By the members of the UCW Coordinating Council

We would like to propose a project for the 1999-2000 academic year to collect stories from UST women who are struggling or have struggled financially along with data about pay equity, causes of poverty, societal trends, etc. Ultimately, we would like to make visible those who often remain invisible, those “just getting by,” and to ask the difficult question, “What role does UST play in perpetuating these women’s situations?”

Our plan is to bring together women’s stories and statistics into a format we can share with the larger UST community in order to bring into clearer focus what glowing news reports and swelling stock market trends tend to blur. At this point we are asking for volunteers who are willing to tell their stories, as well as volunteers to help with the project, which we envision to be at least a yearlong process.

If you are willing to step forward to tell your story or would like to recommend a woman you think might be willing, or if you simply want to be involved in this project, please contact Dr. Britain Scott, Psychology Department, (651) 962-5039, or We will protect the identity of individuals who agree to tell their stories. No names need be used; we are interested in seeing what patterns, if any, emerge from various sources, not in exposing participants to scrutiny or engaging in unregulated finger-pointing.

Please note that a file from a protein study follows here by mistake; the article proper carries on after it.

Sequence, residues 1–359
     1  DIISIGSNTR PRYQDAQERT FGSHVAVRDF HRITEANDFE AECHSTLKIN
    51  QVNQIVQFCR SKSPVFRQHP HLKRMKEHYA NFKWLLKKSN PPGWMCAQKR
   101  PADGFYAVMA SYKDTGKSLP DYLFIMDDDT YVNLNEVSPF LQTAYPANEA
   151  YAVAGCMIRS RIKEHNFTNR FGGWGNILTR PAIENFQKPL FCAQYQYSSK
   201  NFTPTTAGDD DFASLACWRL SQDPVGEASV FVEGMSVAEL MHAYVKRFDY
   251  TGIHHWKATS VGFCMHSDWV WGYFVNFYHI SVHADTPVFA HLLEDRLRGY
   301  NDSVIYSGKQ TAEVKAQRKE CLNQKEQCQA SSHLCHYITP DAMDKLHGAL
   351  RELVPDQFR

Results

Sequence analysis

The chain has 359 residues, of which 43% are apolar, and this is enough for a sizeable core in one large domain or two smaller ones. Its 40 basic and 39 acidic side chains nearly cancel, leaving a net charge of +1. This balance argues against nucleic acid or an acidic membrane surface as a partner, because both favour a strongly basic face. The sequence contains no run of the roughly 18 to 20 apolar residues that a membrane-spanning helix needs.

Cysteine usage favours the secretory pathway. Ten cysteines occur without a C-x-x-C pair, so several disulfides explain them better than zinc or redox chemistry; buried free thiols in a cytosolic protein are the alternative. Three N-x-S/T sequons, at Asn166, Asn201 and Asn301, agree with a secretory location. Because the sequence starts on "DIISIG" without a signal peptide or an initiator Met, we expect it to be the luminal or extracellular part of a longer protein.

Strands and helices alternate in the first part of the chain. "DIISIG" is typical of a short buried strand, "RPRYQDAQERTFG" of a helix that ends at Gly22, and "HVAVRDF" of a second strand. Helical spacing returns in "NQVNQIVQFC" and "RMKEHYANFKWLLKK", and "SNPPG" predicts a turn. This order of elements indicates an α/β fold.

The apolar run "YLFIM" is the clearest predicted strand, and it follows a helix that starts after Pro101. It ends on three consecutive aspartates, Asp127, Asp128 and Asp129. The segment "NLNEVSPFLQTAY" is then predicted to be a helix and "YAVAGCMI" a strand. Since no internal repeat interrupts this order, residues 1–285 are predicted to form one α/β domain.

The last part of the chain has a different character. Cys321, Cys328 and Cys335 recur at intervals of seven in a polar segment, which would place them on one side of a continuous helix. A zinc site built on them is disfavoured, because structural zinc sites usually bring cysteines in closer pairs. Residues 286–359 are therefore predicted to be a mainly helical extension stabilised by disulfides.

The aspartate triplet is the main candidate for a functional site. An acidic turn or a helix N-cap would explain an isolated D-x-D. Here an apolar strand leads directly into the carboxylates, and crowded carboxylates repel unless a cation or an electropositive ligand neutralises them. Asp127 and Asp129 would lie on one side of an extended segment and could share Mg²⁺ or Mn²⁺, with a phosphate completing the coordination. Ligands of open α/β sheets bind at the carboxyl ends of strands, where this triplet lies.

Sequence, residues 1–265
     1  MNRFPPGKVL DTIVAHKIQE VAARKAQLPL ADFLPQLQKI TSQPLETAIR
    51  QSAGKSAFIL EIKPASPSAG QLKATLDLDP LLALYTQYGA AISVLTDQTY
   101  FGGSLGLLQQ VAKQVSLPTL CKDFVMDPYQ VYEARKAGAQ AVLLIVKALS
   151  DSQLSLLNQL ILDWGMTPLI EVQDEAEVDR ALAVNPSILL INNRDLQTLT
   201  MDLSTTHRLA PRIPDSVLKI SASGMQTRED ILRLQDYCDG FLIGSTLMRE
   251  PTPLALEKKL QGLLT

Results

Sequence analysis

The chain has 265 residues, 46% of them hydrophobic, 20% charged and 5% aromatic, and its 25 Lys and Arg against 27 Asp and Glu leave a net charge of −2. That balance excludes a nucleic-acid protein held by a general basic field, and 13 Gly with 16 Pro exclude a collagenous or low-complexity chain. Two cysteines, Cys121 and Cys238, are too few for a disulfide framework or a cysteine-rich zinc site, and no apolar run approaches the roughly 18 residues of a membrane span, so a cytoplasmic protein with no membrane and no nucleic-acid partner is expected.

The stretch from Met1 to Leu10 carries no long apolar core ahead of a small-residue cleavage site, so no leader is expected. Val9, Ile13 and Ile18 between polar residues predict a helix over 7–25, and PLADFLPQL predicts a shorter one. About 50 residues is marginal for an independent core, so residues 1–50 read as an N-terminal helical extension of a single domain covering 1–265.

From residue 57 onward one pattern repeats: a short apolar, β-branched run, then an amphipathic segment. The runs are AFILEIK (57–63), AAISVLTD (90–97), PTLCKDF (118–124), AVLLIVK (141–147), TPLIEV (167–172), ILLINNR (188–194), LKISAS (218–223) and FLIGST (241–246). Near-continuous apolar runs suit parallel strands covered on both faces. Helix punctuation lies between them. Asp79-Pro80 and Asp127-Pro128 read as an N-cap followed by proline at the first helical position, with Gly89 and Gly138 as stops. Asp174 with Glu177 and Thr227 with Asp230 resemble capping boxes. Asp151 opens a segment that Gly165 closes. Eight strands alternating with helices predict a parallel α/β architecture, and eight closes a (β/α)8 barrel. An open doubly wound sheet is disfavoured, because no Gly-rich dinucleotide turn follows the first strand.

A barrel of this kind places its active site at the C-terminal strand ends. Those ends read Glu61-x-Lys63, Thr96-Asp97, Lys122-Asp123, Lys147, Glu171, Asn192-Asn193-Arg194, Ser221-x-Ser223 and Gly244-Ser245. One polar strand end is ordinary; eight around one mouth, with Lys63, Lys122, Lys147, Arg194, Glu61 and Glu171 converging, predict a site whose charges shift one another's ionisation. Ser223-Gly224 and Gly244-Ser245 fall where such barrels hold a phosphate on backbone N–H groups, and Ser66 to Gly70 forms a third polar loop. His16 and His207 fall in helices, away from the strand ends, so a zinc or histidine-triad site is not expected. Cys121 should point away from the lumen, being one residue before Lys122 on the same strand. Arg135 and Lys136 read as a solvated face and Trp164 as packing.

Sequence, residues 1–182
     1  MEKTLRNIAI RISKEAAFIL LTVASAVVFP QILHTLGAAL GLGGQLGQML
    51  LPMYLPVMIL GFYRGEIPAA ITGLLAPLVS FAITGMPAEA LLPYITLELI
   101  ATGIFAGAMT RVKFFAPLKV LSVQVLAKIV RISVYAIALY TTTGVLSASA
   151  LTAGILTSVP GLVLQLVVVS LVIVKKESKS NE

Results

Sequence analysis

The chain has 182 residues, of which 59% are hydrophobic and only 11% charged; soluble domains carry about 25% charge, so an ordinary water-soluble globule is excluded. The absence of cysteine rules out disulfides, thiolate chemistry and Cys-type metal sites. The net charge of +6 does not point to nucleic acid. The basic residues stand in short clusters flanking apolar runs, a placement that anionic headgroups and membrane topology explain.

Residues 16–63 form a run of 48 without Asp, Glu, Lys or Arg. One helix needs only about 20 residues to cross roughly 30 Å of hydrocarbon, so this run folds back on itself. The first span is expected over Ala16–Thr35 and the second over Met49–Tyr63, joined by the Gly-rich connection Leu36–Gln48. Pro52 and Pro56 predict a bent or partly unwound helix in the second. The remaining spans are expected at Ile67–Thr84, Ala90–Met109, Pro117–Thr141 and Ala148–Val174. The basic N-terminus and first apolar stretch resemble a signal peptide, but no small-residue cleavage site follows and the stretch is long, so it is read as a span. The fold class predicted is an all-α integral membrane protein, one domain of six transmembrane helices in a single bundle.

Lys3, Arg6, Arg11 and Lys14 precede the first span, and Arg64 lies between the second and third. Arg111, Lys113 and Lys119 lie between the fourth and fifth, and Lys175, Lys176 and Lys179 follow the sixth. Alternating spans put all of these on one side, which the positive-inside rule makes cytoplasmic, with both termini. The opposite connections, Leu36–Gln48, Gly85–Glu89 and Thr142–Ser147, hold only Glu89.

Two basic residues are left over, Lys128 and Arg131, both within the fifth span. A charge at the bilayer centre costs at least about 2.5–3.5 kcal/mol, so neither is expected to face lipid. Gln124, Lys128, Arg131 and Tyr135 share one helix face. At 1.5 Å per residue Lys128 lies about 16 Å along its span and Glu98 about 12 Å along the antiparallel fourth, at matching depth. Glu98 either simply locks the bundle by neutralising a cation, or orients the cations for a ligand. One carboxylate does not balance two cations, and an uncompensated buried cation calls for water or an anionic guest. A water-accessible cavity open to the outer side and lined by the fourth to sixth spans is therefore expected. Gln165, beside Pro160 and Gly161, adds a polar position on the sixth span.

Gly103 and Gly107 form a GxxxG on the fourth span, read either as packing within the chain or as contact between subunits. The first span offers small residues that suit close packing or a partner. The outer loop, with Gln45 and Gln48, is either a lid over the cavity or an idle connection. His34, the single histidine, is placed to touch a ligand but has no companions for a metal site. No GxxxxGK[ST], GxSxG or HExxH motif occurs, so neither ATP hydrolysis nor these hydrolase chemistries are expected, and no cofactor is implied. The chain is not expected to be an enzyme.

We are in the middle of an unprecedented economic upswing in our country. Low inflation, low unemployment, low interest rates — things seem good according to many economists, some of whom are hard pressed to account theoretically for this period of financial good fortune. Yet all is clearly not well. The gap between the wealthy and the “working poor” is larger than ever, and pay inequities still exist, putting women and minority groups at a disadvantage.

The underlying causes for the current economic situation, with its positive and negative ramifications, are complex. How one sees it, perhaps, depends on one’s perspective. The Coordinating Council of the University Committee on Women would like to offer the university community a closer look at the perspectives of UST women who face economic struggles even in a time of relative prosperity.

We are excited about the possibilities such a project might open up here in our community, possibilities for equity and open communication and civil discourse. We hope many of you respond with interest to this proposal.

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